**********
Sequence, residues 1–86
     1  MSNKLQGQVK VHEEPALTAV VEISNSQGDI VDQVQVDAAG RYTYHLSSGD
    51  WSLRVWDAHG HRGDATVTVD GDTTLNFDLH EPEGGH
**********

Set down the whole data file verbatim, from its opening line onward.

Sequence, residues 1–86
     1  MSNKLQGQVK VHEEPALTAV VEISNSQGDI VDQVQVDAAG RYTYHLSSGD
    51  WSLRVWDAHG HRGDATVTVD GDTTLNFDLH EPEGGH